It is as logical as can be. There are different grades of technical personnel. For example, there are highly experienced people with an impressive list of clients for whom they have carried out the most complex projects successfully. And of course, there are also professionals who come into their own better in simpler jobs. Both perfect. Both exceptionally valuable, provided they are deployed in the right roles.
Look, let’s say you need someone to drill 500 holes in a wall, then it is useful to actively choose someone who is truly suited to the job. Why? Firstly, because the hourly rate for someone with these skills is lower than for an experienced engineer who provides complex solutions to difficult issues. Secondly, because taking on people who are over qualified for a job simply does not work, because people are often insufficiently motivated for (what they perceive to be) a job that is beneath them. Naturally, the same applies conversely too: if you deploy someone on a project that is beyond their capabilities, the situation becomes difficult. So what is the message? Differentiate clearly in respect of the quality of the personnel you hire. Ensure you know exactly what qualities you are seeking, then the higher or lower price tag attached is a logical outcome of that choice.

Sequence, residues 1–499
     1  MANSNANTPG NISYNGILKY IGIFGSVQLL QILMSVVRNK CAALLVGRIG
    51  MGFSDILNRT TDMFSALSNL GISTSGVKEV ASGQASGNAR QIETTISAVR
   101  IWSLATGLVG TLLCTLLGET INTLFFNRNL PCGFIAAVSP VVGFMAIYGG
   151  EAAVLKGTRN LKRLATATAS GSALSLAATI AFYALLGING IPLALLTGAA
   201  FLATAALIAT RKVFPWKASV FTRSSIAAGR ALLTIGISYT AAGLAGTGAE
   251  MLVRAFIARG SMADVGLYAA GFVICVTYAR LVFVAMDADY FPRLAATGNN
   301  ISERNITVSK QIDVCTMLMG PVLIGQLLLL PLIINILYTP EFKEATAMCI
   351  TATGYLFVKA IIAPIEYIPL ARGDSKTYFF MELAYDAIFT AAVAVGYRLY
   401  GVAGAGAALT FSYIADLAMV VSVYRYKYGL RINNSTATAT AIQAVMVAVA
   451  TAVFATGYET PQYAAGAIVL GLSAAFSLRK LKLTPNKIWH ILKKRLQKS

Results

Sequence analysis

As a recruiter of technical personnel, we naturally have a clear role. And that consists, amongst other things, of probing as effectively as possible in terms of your requirements. Who exactly are you looking for? What does the job entail? What level of independence is required? After all, if we are working with incomplete information, it is virtually impossible to provide a suitable offering. In respect of both quality and cost. The situation that then arises is that either our rate is too expensive (because we are offering personnel that are over qualified and over experienced for the job), or we agree an attractive, low hourly rate to then ascertain a few days later that the project does not match the competencies of the person in question. The term does not exist, but in both cases it is a lose-lose-situation. And to be clear, we go for a win-win situation. On all fronts. Let us therefore communicate with one another with complete openness. That produces the best result for all parties. The outcome? An effectively completed assignment (and thus, a satisfied client) and a satisfied employee. And the latter is incredibly important, because we all know that people who feel valued feel good and perform better structurally. And thus, we all win.